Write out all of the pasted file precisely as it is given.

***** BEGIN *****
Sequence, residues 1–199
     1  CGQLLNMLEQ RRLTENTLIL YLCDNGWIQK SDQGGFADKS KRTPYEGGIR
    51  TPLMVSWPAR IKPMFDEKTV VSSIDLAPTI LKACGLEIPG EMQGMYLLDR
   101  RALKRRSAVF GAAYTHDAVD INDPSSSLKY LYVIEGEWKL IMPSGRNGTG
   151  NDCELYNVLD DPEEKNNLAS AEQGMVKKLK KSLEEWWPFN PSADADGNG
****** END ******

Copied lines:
Sequence, residues 1–199
     1  CGQLLNMLEQ RRLTENTLIL YLCDNGWIQK SDQGGFADKS KRTPYEGGIR
    51  TPLMVSWPAR IKPMFDEKTV VSSIDLAPTI LKACGLEIPG EMQGMYLLDR
   101  RALKRRSAVF GAAYTHDAVD INDPSSSLKY LYVIEGEWKL IMPSGRNGTG
   151  NDCELYNVLD DPEEKNNLAS AEQGMVKKLK KSLEEWWPFN PSADADGNG